Communist League candidates in the Nov. 3 municipal election — Young and Katherine LeRougetel, 55, a food processing worker who is running for mayor of the borough of Verdun — are campaigning door to door in working-class neighborhoods across the city. They are on the ballot after turning in more than the required number of signatures.
“I work for minimum wage, raising it is important,” home companion and caregiver Joselita Yung told LeRougetel after meeting the candidate at her door. “What can I do to contribute to this movement?”
Yung subscribed to the Militant and along with her husband signed the petition to help put the candidates on the ballot.
The Communist League candidates are challenging an array of capitalist politicians, who all say they are campaigning for “change” or to make Montreal a “winning city,” in the wake of the resignation of both the previous mayor and his temporary replacement amid widespread charges of corruption.
Dubbed front-runners by the bourgeois media are former Liberal federal cabinet minister Denis Coderre; economist and management consultant Marcel Coté, running for Coalition Montréal; and Richard Bergeron, leader of the Project Montreal party, billed as an urban affairs expert.
Campaign supporters organized a special door-to-door effort over the Sept. 14-15 weekend to gather signatures and introduce workers to the Militant and revolutionary literature from Pathfinder books on the struggles of workers and farmers around the world. Margaret Trowe, an auto parts worker and Socialist Workers Party candidate for the at-large city council seat in the Nov. 5 election in Des Moines, Iowa, joined in.
Much of the door-to door discussions centered on the discriminatory and anti-working-class Charter of Quebec Values, put forward by Quebec’s Parti Quebecois government as part of a campaign against immigrant workers, especially those of Muslim faith.
A highlight of the weekend was a panel discussion at the Militant Labor Forum that day attended by 22 people. LeRougetel chaired the event. The panelists were Young, Trowe and electrical-mechanics student François Bradette, who recently joined the Communist League after months of door-to-door campaigning with Militant supporters.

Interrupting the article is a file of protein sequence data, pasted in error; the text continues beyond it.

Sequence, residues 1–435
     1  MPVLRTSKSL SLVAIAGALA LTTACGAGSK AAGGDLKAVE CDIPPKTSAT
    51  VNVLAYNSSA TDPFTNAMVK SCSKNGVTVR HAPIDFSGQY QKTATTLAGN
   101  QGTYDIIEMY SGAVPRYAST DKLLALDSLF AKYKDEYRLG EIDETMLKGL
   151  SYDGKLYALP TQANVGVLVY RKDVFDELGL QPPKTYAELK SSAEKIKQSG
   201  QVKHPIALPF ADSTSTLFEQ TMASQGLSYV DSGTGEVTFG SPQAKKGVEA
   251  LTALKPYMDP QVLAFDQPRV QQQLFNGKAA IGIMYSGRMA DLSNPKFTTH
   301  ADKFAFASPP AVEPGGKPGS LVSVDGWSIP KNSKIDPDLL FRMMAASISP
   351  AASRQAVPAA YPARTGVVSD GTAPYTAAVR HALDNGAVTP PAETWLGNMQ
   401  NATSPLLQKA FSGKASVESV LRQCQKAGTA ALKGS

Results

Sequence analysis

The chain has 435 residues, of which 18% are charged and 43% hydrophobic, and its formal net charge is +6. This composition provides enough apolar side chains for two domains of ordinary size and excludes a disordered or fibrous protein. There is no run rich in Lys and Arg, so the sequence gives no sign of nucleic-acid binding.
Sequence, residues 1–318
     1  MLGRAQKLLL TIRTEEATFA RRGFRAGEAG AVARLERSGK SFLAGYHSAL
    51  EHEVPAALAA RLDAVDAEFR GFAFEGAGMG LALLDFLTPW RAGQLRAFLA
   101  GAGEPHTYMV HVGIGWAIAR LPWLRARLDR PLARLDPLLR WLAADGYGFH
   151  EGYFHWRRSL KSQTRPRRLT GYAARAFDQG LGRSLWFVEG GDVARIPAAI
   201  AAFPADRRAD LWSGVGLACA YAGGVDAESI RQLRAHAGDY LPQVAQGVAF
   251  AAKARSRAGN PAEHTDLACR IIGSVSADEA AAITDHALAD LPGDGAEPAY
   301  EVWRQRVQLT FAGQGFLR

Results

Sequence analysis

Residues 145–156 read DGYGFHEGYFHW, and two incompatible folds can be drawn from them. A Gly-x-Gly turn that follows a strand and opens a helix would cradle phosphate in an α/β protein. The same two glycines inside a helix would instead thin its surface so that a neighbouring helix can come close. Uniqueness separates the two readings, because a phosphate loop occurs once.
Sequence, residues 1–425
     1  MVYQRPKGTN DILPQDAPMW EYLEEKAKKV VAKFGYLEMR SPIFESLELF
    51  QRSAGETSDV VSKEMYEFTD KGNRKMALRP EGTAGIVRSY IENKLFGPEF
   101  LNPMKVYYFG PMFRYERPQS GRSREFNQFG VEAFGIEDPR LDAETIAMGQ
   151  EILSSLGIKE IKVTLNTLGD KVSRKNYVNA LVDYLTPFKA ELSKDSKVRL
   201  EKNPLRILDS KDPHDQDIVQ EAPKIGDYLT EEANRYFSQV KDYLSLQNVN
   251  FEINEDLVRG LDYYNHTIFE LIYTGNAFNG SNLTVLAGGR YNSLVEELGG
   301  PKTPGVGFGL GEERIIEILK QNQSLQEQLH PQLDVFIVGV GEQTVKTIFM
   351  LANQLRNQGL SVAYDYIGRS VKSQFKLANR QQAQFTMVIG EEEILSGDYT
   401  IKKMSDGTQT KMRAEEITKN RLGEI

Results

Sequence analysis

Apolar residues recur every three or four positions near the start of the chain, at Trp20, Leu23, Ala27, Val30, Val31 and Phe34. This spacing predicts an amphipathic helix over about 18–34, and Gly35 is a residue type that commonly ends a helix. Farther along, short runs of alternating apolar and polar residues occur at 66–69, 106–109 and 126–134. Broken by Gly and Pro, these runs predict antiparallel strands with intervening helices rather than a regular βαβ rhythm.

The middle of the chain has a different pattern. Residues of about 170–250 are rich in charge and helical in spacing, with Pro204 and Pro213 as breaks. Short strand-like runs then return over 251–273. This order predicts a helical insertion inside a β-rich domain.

“As we go door to door we raise the need to build a mass revolutionary working-class movement that can take power out of the hands of the propertied ruling families and establish a government of workers and farmers,” Young said. “Along this road we need to build working-class unity through our struggles today.
“At the demonstration against the charter I explained to participants that it is an attack on the working class which aims to divide us and weaken our ability to organize and fight to defend ourselves against the impact of the growing capitalist economic crisis,” Young said.
“All questions in politics — racial questions, the environment, women`s rights, war and peace — are class questions,” said Trowe in her remarks. “Campaigning door to door, exchanging views with workers from this angle makes us sharper. We develop our views about the road forward for our class in discussion and action with other workers.
“Going door to door in Des Moines last week we explained that fighting against our own government is the main way workers in the U.S. can help the Syrian workers fight for political space against the Assad regime,” she said.
“Our campaign statement for jobs, a higher minimum wage, against discrimination of immigrants, along a course toward strengthening and unifying the working class points toward a fight for a workers and farmers government as the best way for workers here to show solidarity with the struggle of workers and farmers in Syria to push back the murderous assault they face. And it helps us mobilize unconditional opposition to U.S. intervention in Syria.”
“We came across all kinds of views today as we campaigned door to door in Verdun,” said Bradette. “The majority we spoke to were against the charter. A woman bought a copy of the Militant after we showed her an article we had translated into French. Some expressed anti-communist views or were not interested in the campaign. One truck driver we met told us about the deteriorating conditions at work after he lost his union.”
Following a lively and lengthy discussion, participants attended a well-prepared potluck fundraising dinner.
Four subscriptions and 35 copies of the Militant were sold, along with a copy of The Communist Manifesto, over the weekend. Eighty-four signatures for Young and 37 for LeRougetel put the totals well over the 200 and 100 required respectively.
Quebec: 10,000 rally against anti-immigrant ‘secularism’
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